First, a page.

Tibetan Plateau

The Tibetan Plateau covers an area the size of western Europe, and is often known as “the roof of the world”, due to it’s high altitude. In the west of Tibet are the Himalayas, which include Mount Everest. The people of Tibet have a unique culture, one that reflects it’s rugged land and their nomadic lifestyle, with strong influences from both India and China. The majority of people practice a unique form of Buddhism, but Shamanism is also widespread and there are small pockets of Muslims too.

Tibet’s modern history has been turbulent, since China asserted control of the region and the Dalai Lama fled to India during the 1950s. Tibet has actually benefited heavily from China, living conditions have improved dramatically; while infrastructure, education and the economy have grown too. However local people feel their culture is slowly being eroded as Han Chinese are being encouraged to emigrate to Tibet under China’s “develop the west” plan. If you want to understand more about the recent history, I highly recommend Freedom in Exile: The Autobiography of The Dalai Lama.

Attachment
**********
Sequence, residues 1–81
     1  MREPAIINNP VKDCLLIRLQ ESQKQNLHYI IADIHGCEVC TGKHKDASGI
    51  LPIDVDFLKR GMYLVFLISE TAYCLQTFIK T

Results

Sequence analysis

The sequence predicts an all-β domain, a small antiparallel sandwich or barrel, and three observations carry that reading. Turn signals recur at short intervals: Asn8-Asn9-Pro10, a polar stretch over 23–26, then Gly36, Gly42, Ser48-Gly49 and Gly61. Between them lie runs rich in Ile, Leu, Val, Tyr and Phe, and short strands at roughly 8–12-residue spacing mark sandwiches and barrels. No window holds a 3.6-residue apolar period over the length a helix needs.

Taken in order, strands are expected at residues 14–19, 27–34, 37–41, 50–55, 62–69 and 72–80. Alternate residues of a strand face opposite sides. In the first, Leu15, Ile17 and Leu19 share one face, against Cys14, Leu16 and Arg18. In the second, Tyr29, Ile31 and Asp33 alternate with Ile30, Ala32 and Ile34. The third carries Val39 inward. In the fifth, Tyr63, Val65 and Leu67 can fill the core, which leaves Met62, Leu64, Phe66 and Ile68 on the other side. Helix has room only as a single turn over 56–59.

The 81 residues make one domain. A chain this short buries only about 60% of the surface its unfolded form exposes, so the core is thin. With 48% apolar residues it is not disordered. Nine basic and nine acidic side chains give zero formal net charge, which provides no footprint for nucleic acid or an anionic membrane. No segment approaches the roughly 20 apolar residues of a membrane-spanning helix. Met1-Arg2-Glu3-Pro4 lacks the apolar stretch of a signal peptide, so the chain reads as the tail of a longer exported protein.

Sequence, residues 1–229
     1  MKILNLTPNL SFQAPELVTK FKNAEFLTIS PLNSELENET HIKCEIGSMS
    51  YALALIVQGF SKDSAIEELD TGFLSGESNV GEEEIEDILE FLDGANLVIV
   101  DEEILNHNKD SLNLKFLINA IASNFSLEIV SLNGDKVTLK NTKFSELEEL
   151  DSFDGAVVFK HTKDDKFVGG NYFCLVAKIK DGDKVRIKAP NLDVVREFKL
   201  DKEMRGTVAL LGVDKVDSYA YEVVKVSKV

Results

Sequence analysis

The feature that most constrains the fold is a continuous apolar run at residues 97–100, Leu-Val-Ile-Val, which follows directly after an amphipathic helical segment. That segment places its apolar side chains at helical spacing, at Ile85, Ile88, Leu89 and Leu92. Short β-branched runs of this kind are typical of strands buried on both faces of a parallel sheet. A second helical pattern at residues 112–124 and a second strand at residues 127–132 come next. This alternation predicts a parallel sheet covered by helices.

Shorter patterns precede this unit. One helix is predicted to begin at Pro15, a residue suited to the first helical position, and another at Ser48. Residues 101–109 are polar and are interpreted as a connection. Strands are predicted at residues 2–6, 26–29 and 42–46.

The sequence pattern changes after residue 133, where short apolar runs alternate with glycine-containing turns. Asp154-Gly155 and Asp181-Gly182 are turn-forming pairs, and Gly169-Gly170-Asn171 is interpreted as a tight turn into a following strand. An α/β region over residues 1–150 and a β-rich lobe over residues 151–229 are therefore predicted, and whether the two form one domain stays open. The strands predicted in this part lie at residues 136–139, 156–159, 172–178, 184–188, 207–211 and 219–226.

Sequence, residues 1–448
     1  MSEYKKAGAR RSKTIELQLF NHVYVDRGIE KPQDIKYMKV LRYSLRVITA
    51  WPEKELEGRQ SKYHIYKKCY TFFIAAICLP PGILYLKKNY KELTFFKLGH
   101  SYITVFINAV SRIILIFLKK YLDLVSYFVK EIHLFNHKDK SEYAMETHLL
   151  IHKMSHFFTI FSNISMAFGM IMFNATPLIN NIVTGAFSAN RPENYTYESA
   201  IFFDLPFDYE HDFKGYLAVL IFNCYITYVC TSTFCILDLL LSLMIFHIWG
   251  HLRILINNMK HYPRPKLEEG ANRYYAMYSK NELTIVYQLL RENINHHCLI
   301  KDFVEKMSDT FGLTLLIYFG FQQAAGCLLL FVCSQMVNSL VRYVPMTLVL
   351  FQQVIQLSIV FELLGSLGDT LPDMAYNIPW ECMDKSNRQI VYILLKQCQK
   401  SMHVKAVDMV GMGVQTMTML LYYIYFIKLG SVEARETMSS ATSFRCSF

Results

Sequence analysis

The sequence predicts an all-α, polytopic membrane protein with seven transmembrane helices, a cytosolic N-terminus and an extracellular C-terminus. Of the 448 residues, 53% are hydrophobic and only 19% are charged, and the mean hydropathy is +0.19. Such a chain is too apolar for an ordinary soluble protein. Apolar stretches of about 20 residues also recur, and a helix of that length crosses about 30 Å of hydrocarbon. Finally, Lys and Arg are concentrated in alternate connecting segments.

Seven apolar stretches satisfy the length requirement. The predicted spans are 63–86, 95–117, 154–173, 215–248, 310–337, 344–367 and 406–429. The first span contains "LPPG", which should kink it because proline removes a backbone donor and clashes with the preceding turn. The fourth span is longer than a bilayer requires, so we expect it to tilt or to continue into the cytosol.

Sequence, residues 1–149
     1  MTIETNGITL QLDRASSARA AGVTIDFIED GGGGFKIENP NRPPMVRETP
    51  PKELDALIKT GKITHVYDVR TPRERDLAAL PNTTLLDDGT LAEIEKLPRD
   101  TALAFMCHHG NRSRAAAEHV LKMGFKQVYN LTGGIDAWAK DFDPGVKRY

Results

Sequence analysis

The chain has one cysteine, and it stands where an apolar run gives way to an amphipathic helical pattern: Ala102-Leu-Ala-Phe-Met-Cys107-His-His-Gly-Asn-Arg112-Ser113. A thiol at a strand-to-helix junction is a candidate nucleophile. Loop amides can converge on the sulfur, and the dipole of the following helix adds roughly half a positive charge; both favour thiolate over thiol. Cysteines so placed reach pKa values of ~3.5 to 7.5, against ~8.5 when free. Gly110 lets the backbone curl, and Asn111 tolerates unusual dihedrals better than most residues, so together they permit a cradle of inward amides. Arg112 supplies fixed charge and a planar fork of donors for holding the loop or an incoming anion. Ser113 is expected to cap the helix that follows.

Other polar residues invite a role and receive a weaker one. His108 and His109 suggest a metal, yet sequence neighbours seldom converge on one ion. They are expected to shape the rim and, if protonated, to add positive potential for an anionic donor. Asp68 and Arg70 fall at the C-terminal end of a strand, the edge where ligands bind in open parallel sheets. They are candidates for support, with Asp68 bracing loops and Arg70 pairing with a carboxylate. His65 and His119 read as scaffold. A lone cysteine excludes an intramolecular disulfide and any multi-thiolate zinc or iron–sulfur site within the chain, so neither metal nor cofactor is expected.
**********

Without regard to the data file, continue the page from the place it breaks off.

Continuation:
The Tibetan Plateau consists of the Tibetan Autonomous Region, as well as a large part of Qinghai province, as well as parts of Gansu, Sichuan and Yunnan provinces. The majority of the plateau is above 3000m above sea level with areas reaching 5-6000m. As such, the air is thin, and some people suffer reactions. Shortness of breath, fatigue and sometimes even fever can happen. There isn’t much you can do, except see it through and don’t move onto any higher place until symptoms cease. Travel is tightly controlled and the situation changes often. As well as a regular Chinese visa, you will need a special permit for Tibet, and often you have to travel as part of a group. This only applies to the Autonomous Region and not Tibetan areas of other provinces.